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University of Chicago Law Review

Article Title

Remedies for Robots

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1311

Abstract

What happens when artificially intelligent robots misbehave? The question is not just hypothetical. As robotics and artificial intelligence systems increasingly integrate into our society, they will do bad things. We seek to explore what remedies the law can and should provide once a robot has caused harm.

Remedies are sometimes designed to make plaintiffs whole by restoring them to the condition they would have been in “but for” the wrong. But they can also contain elements of moral judgment, punishment, and deterrence. In other instances, the law may order defendants to do (or stop doing) something unlawful or harmful.

Each of these goals of remedies law, however, runs into difficulties when the bad actor in question is neither a person nor a corporation but a robot. We might order a robot—or, more realistically, the designer or owner of the robot—to pay for the damages it causes. But it turns out to be much harder for a judge to “order” a robot, rather than a human, to engage in or refrain from certain conduct. Robots can’t directly obey court orders not written in computer code. And bridging the translation gap between natural language and code is often harder than we might expect. This is particularly true of modern artificial intelligence techniques that empower machines to learn and modify their decision-making over time. If we don’t know how the robot “thinks,” we won’t know how to tell it to behave in a way likely to cause it to do what we actually want it to do.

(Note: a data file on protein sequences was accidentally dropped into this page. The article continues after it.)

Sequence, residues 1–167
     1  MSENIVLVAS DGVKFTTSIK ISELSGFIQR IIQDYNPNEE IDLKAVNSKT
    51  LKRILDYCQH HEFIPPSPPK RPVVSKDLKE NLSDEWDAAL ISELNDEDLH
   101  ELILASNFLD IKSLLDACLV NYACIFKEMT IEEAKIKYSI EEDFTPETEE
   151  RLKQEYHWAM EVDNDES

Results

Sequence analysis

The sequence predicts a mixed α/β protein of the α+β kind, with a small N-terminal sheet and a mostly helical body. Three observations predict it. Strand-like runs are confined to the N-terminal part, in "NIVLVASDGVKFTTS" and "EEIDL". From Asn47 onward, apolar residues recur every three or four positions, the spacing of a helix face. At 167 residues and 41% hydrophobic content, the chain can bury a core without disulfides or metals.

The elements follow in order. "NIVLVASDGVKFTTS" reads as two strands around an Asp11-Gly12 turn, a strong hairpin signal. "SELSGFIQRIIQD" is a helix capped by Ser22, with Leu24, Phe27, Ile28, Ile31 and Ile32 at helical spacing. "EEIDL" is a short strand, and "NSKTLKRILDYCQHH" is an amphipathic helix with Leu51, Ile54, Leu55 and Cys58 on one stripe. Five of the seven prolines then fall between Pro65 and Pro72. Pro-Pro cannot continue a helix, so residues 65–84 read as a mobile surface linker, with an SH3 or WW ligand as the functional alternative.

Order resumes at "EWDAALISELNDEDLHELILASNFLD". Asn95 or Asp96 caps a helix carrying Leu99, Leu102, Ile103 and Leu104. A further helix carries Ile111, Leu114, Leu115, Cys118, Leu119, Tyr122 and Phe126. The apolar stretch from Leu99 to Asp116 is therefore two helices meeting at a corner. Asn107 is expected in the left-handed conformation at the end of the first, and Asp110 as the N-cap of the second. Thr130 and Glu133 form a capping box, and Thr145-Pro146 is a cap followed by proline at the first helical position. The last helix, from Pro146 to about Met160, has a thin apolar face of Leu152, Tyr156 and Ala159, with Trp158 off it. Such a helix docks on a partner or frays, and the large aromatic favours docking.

Moreover, if the ultimate goal of a legal remedy is to encourage good behavior or discourage bad behavior, punishing owners or designers for the behavior of their robots may not always make sense—if only for the simple reason that their owners didn’t act wrongfully in any meaningful way. The same problem affects injunctive relief. Courts are used to ordering people and companies to do (or stop doing) certain things, with a penalty of contempt of court for noncompliance. But ordering a robot to abstain from certain behavior won’t be trivial in many cases. And ordering it to take affirmative acts may prove even more problematic.

In this Article, we begin to think about how we might design a system of remedies for robots. Robots will require us to rethink many of our current doctrines. They also offer important insights into the law of remedies we already apply to people and corporations.

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